Dyson engineers labor toward hair-free turbine solution (w/ Video)

Oct 12, 2012 by Nancy Owano report
Credit: Dyson

(Phys.org)—At such an innovation rich time of telepresence, 3-D printing, advanced cryptography, advanced medical imaging, and robotics, you need to wonder why in all this time we never got a break with someone somewhere coming up with a hair-clog solution for vacuum cleaners. Better late than never. Dyson has a tool that avoids the problem of having to scrape off and cut away at hair around the brush bars. Called the Dyson Tangle-Free Turbine the problem solver is listed at $69.99 and is promoted as a tool to reduce hair entanglements that occur during vacuum cleaning.

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The designers took a second look at traditional brushes at the bottom of vacuums. They noticed the way the tools too easily ball up fibers on carpets and upholstery. They wanted something other than a single spinning cylinder. Instead of a horizontal spinning brush, Dyson's accessory uses a more vertical axis of movement. The device features two flexible counter-rotating heads with built-in brushes that prevent -clogging and send hair into the vacuum bin. These two counter-rotating discs spin like floor buffers, and that is key to the solution. Also, the designers noted how brush bars of conventional turbine tools are rigid and lose contact with uneven surfaces. The brushes on the new Dyson tool are flexible and can bend to maintain contact across uneven surfaces. The design is such that the brushes reach to the front and side of the tool, drawing in hair and dirt from all directions.

Dyson engineers labor toward hair-free turbine solution (w/ Video)
Credit: Dyson

The simple answer to hair clogs in vacuum cleaning process, evidently, is not so simple, at least when it comes to the Dyson brand of engineering with a difference.

Dyson engineers labor toward hair-free turbine solution (w/ Video)
Credit: Dyson

According to reports, the tool debut is a result of more than 50 engineers, 187 , and four years of work.

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grondilu
5 / 5 (2) Oct 12, 2012
As I was wondering if this could have any *serious* application, I thought about a BBC Horizon program where they talked about goats milking spider silk proteins. The silk extraction part was a bit tedious as a machine was slowly rolling a single fiber around a cylinder. Who knows, maybe this brush could be used to brush a whole bunch of messed-up spider silk.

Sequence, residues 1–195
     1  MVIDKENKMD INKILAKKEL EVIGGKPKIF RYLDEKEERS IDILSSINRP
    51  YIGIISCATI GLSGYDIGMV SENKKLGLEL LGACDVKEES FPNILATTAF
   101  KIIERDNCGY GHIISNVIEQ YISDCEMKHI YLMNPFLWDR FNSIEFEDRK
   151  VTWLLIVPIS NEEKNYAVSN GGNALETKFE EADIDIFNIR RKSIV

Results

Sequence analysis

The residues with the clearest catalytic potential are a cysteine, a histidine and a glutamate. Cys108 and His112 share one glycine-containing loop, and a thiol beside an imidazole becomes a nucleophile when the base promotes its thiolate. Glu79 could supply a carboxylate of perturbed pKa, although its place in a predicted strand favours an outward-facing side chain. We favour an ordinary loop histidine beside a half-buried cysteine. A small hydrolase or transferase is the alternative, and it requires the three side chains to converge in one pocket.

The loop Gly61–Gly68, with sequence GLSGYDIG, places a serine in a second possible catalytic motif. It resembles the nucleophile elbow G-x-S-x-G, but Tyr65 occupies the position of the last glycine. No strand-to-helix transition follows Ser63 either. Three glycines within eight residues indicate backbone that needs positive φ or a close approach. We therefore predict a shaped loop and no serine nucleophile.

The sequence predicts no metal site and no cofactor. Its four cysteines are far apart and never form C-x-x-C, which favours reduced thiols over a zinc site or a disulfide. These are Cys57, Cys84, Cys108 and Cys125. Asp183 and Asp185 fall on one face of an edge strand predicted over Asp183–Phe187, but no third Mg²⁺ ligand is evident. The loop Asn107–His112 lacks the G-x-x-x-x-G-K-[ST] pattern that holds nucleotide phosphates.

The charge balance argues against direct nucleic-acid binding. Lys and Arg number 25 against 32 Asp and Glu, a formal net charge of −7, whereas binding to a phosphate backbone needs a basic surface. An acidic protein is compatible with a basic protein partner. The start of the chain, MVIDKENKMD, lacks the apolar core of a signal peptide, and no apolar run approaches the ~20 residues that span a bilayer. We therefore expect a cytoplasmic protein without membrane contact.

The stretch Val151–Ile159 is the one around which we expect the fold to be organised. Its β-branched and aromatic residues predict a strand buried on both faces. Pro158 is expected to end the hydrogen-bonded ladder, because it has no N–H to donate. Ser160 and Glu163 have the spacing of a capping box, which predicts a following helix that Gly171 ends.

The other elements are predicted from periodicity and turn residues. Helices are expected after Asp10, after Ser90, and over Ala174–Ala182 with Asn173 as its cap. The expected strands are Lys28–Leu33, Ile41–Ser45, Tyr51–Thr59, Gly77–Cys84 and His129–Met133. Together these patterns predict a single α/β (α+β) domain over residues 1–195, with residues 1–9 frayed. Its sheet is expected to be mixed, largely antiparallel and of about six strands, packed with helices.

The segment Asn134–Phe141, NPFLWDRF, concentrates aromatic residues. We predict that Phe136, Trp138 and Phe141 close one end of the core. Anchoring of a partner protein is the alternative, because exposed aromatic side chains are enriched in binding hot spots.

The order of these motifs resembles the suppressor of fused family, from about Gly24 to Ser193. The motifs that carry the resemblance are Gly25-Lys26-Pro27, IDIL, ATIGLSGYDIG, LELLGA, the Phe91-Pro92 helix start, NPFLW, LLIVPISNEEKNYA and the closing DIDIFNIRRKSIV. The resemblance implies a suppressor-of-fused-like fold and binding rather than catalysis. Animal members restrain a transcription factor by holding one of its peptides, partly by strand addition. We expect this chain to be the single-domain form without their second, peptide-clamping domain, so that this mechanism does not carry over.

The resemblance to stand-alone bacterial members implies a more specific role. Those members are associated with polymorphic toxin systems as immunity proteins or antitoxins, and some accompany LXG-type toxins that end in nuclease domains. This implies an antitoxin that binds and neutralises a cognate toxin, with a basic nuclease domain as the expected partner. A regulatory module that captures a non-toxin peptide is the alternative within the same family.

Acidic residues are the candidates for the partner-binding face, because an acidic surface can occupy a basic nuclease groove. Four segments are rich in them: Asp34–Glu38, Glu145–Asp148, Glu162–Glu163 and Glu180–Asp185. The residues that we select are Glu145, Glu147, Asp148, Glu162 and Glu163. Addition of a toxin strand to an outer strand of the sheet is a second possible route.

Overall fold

Code_Warrior
not rated yet Oct 13, 2012
I think it's pretty cool.
VendicarD
5 / 5 (1) Oct 13, 2012
Transforming Mankind, one suck at a time.
baudrunner
1 / 5 (1) Oct 13, 2012
Transforming Mankind, one suck at a time.
After 187 prototypes that sucked.
Fakeer
not rated yet Oct 15, 2012
The hair laden roller problem is most prevalent while vacuuming carpets. This new attachment seems impractical for such large areas. Possibly intended for pet hair on couches etc.
33Nick
not rated yet Oct 15, 2012
Check out Rexair.com. I think Dyson does a great job but it's akin to making a fire in a fireplace using batteries. With enough energy, anything can happen. Rexair took another more intelligent route, using water to filter and a brushless, CPU controlled electric motor. Using water to filter is as old as time itself and works without a hitch... and yes, it's expensive but you pay for what you get.
greg_woulf
not rated yet Oct 28, 2012
Check out Rexair.com. I think Dyson does a great job but it's akin to making a fire in a fireplace using batteries. With enough energy, anything can happen. Rexair took another more intelligent route, using water to filter and a brushless, CPU controlled electric motor. Using water to filter is as old as time itself and works without a hitch... and yes, it's expensive but you pay for what you get.


There's no way that adding water and a CPU is more intelligent than engineering a mechanical solution. The cost to produce Dysons solution is next to nothing, the risk of failure is a fraction and the convenience to the consumer is also on the Dyson side.

This is a simple and elegant solution that's cheap and easy to produce. If it works I don't see any way to fault it.

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